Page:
- The learned justices erred in law, when they found that the learned trial judge was wrong to have relied on the evidence of the second and only plaintiff witness who gave evidence at the trial but failed to advert their minds to the possibility that had the learned trial judge not relied on the evidence of the second plaintiff he might have arrived at a different decision because only two witnesses gave evidence of the said grant and the said second plaintiff was one of them, the other being his witness.
- The learned justices erred in law in relying on the sole evidence of third plaintiff’s witness as establishing the purported grant of customary tenancy when the evidence of the third plaintiff’s witness was vague, evasive, unreliable and contradicted by the second plaintiff.
(a) The second plaintiff under cross-examination said he was the only survivor of those who were present in 1940 when beacons were planted. This, therefore, means that third plaintiff’s witness’s claim that he also was present in 1940 is false; but the learned justices found that the said third plaintiff’s witness gave evidence of matters within his personal knowledge because he was present at the inquiry and the subsequent planting of beacons.
(b) The third plaintiff’s witness never went to the land in dispute prior to the time when the first defendant built his house there and he did not know those who lived there before the present defendants and could not have witnessed the purported grant.
(c) The third plaintiff’s witness gave evidence that the present Onogie (first plaintiff) was present when the District Officer determined the boundary in 1939 whereas the said present Onogie was not born then; and
(i) it was his grandfather who was on the throne at the time as in Exhibits A and C i.e. the District Officer’s Decision and the Resident’s Review which exhibits show that it was the said Onogie’s father Amedu Momodu who represented the present Onogie’s said grandfather at the 1939 enquiry.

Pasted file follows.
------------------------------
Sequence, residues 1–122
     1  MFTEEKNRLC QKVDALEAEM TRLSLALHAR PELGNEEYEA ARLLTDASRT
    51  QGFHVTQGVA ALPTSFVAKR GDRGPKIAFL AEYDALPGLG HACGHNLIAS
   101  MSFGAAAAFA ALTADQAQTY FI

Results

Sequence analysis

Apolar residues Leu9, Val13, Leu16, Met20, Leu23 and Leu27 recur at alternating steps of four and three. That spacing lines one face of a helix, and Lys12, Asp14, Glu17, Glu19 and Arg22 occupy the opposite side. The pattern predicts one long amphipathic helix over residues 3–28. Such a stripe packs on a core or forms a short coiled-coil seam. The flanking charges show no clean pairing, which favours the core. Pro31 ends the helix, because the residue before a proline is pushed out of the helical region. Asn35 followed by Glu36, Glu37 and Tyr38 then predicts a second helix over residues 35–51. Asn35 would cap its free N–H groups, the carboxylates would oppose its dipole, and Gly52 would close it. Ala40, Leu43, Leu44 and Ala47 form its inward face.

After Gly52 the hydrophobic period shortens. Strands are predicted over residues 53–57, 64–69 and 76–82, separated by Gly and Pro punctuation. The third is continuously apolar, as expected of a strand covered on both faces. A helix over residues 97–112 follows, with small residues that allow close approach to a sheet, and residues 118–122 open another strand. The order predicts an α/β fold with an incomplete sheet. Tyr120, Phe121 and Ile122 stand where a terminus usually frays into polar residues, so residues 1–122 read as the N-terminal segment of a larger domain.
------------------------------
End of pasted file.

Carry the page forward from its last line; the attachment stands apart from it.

(ii) That the first plaintiff, i.e. present Onogie, only ascended the throne in 1971.
(d) The evidence of the third plaintiff’s witness on the purported grant was materially contradicted by the evidence of the second plaintiff.
(e) The evidence of the third plaintiff as to the inception of the purported trespass by the defendants was at variance with paragraph 18 of the plaintiff’s pleadings in that at page 107 line 31, the plaintiff said ‘since the defendants have been on the land they have not complied with any of the terms of the grant’.
- The learned justices erred in law in failing to properly evaluate the evidence.
They relied on the evidence of the third and only plaintiff’s witness as against the evidence of the defendants and their witness who gave consistent, uncontroverted and corroborative evidence of long possession, thereby naming their ancestors who lived on the land in dispute before. This is confirmed by the evasive and negative evidence of third plaintiff’s witness (Aguakhekiemen Iselobho) who maintained through his evidence that he never went to the land in dispute prior to the first defendant coming thereon and that he did not know those who lived there before.
- The learned justices erred in law in upholding plaintiffs’ claim after rejecting their evidence.